Allegiant Air has been closely monitored by the FAA due to many emergency landings and aborted takeoffs.[56] ABC interviewed a former Allegiant mechanic, who said "Dedicated steps were not being performed with maintenance manuals or even with general practices, before an aircraft is released."[57] Many of these incidents had involved Allegiant's aging MD-80 aircraft, which as of November 2018 have been replaced by newer Airbus A320 family aircraft.[58][50] 46 of the 86 aircraft have made emergency landings, all of which were on MD-80s.[59] The average age of Allegiant's MD-80 fleet was 29 years compared to less than 13 years for its Airbus fleet.[58]

On June 22, 2009, Frontier Airlines announced that pending bankruptcy court approval, Republic Airways Holdings, the Indianapolis-based parent company of Republic Airlines, would acquire all assets of Frontier Airlines for the amount of $108 million. Thus, Frontier Airlines would become a wholly owned subsidiary of Republic.[26] However, 5 weeks later on July 30, Dallas-based Southwest Airlines announced that it would be making a competing bid of $113.6 million for Frontier with intentions to also operate Frontier as a wholly owned subsidiary, but that it would gradually fold Frontier resources into current Southwest operating assets.[citation needed]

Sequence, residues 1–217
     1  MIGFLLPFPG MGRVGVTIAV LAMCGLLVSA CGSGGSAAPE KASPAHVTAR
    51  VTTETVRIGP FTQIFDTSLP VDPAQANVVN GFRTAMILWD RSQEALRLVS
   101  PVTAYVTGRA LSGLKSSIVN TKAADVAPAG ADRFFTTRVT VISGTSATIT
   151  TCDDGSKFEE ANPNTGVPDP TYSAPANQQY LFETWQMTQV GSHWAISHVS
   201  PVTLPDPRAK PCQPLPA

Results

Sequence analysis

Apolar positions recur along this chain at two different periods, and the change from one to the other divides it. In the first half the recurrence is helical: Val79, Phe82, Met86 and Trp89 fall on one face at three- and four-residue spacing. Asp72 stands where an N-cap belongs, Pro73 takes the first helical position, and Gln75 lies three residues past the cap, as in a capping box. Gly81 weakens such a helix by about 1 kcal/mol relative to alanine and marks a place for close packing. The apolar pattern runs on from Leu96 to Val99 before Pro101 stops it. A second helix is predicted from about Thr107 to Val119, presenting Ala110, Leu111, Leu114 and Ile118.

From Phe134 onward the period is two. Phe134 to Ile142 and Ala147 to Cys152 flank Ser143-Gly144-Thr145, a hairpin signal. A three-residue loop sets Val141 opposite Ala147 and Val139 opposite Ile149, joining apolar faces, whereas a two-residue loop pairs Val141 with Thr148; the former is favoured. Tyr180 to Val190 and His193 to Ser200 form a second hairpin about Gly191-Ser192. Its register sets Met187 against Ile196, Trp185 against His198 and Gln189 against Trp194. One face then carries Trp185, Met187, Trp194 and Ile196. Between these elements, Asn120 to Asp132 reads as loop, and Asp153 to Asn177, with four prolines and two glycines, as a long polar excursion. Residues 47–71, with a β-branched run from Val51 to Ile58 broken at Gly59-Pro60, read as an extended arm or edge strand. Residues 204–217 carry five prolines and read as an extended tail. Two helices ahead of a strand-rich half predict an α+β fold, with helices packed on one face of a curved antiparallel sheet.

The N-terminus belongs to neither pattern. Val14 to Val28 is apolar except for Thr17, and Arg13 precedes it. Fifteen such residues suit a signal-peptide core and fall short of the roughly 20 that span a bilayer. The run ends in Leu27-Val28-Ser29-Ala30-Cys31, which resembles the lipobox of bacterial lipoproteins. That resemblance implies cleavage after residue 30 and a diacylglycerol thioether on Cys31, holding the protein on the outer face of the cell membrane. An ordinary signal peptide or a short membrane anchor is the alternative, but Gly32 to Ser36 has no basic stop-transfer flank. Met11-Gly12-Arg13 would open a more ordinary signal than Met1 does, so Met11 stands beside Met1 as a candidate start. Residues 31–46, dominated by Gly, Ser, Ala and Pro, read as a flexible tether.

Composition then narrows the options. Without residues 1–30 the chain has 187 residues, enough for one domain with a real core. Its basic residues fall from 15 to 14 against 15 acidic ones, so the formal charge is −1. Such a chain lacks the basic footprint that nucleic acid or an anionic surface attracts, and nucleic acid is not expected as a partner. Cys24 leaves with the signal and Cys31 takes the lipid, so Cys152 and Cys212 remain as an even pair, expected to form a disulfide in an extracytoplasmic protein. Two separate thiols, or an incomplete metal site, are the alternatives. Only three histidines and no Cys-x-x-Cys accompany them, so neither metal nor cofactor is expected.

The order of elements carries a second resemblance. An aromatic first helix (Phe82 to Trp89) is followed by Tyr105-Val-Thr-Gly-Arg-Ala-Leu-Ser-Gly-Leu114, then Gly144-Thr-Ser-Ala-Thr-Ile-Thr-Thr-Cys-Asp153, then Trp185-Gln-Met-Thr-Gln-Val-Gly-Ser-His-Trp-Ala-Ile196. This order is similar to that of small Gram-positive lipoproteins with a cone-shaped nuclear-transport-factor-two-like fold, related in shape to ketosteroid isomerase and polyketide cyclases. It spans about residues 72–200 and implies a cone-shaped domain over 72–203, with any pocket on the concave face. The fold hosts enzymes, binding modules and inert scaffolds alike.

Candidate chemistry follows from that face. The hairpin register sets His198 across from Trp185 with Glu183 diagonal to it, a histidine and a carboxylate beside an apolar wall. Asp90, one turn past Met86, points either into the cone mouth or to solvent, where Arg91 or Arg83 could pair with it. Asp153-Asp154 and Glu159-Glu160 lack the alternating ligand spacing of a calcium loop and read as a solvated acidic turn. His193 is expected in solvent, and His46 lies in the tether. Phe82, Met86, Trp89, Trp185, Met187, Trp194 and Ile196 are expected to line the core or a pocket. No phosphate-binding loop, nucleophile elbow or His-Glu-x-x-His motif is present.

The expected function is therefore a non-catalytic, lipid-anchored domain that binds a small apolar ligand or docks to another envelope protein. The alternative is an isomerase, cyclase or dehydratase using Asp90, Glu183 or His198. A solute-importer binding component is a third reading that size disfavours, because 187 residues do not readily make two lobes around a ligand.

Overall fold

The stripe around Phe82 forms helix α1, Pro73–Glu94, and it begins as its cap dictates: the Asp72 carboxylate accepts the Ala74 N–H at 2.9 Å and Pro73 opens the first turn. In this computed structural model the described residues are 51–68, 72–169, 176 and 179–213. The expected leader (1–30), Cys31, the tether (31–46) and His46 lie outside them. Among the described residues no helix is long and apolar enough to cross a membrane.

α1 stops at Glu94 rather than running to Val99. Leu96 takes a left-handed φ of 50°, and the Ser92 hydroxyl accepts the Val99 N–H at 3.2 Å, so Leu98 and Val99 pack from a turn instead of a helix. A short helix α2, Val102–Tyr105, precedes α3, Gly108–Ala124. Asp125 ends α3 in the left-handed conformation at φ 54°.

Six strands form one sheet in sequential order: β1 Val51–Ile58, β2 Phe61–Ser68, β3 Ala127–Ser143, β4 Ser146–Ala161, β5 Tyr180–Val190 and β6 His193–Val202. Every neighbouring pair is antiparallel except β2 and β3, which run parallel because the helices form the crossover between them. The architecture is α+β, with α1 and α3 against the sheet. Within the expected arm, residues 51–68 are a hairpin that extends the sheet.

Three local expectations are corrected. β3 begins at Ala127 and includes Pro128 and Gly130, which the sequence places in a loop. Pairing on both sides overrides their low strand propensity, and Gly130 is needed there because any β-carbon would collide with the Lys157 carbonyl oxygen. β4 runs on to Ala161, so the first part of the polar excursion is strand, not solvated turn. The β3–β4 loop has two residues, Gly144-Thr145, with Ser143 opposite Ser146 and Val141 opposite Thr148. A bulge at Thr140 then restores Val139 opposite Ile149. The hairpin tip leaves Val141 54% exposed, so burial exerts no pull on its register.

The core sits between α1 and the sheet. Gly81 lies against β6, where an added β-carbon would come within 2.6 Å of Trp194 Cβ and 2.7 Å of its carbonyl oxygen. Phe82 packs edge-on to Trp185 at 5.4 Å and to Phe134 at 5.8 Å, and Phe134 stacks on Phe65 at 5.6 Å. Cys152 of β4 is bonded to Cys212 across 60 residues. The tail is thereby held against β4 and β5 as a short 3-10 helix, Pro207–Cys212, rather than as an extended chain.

Like Ryanair, the low-cost airline founded by the Ryan family of Ireland, who also have invested in Allegiant, the airline seeks ancillary revenue to supplement ticket revenue.[13] These ancillary fees include those for checking luggage, carrying on luggage (other than a small personal item), buying food and drinks on board, obtaining advance seat assignments, and more.[33][40][41] Allegiant CEO Maurice Gallagher said in 2009, "We collect $110 from you at the end of your trip. If I tried to charge you $110 up front, you wouldn't pay it. But if I sell you a $75 ticket and you self-select the rest, you will."[42]